Monday, February 22, 2016

Necessity Is the Mother of All Skills

Sacchi Green

Skills? What skills? I’ve been going around muttering to myself, wondering what skills I can claim. Arts and crafts fascinate me, but I’m not coordinated enough to be skilled at any of them. Although, well, many years ago I joined and helped to run The People’s Craft Co-op in Amherst, and made candles in my basement to sell. It didn’t take much dexterity beyond not spilling too much hot wax—at least not too often—and through trial and error I developed some pretty good designs: chunky cubes with moon and star shapes imbedded in them, revealed by melting the surface with a propane torch; cylinders and cones and bowl shapes with multicolored streaks made by letting little bits of concentrated color melt and run down inside the molds; mushroom shapes with the tops made interesting in an earthy-crunchy way by being molded in damp sand which was then partially torched off. And I made macramé holders for the bowl shapes, and eventually made macramé jewelry with fine nylon string I dyed myself. Good times! I’d almost forgotten all that, even though I still have about 150 pounds of high quality wax down in my basement.

But that was another time, another world. I doubt that I’ll ever do any of that again.

So what can I claim as a skill now? Hmm. Mutter…mutter…and as I’m muttering, I’m filling square plastic containers, the ones grocery store mushrooms come in, with fine potting soil, wetting it, carefully spacing tiny seeds on top of the soil, spraying them to make sure the tops are damp, covering them with plastic wrap, and setting them on an electrified heating mat made for that purpose (a decided improvement on my old method of grouping them between jugs of hot water that needed periodic replenishment, but it did work pretty well for many years.)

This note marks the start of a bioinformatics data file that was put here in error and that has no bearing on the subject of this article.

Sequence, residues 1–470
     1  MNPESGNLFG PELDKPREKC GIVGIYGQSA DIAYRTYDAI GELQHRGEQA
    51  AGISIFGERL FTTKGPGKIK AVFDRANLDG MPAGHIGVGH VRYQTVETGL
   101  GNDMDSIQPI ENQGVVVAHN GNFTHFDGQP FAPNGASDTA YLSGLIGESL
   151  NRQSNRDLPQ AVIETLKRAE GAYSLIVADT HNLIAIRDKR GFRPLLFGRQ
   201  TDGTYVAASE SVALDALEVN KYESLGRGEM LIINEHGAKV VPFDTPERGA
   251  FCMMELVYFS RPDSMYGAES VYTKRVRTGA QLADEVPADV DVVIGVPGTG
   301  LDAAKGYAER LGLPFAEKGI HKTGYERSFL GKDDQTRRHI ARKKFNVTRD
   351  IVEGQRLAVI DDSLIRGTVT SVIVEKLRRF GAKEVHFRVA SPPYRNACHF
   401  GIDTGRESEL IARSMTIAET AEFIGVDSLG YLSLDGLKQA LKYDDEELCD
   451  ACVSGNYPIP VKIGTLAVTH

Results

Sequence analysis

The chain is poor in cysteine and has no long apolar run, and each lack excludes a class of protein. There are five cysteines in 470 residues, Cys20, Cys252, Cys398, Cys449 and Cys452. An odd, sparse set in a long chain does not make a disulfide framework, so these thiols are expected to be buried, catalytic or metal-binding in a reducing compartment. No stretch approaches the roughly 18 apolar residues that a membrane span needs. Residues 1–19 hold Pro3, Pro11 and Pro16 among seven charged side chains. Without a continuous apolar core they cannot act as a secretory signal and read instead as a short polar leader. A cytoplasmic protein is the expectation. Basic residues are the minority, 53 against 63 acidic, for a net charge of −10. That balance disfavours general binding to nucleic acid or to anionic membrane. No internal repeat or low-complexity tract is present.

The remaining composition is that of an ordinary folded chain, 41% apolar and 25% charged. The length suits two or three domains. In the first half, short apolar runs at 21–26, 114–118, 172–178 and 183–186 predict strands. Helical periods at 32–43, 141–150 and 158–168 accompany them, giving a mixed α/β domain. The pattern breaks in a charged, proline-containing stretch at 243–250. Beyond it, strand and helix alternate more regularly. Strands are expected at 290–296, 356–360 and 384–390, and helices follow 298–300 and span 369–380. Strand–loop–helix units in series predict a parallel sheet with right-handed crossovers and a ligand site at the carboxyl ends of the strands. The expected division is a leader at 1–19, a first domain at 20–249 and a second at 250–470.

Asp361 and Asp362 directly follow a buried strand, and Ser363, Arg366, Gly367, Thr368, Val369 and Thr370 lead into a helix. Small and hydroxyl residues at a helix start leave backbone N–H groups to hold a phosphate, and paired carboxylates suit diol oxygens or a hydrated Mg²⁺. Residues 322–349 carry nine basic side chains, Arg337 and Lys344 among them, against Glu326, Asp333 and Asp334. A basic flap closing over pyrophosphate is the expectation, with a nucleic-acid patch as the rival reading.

Then I look up—and see the light! Not just the light from the sets of four-foot fluorescent bulbs above each of the three shelves installed at the end of my kitchen, where the seedlings go to grow after they’ve germinated, and keep on growing in trays of individual pots until the weather is warm enough to set them outside. Not just those lights, but The Light! A skill, of sorts! My passion for growing flower and vegetable plants isn’t really a skill, just dumb perseverance, with setbacks and frustrations, but it’s something, and the best part is that I have pictures to illustrate the results! I can go graphic! Here are some views of a seedling shelf and the decks and yard and porch my flowers inhabit. Many of them also go to the decks and porches of a friend and of my sister-in law, and for years I've supplied most of the flowers for several family cemeteries, even more meaningful in the last three years, now that it's the only way I can take my flowers to my mother.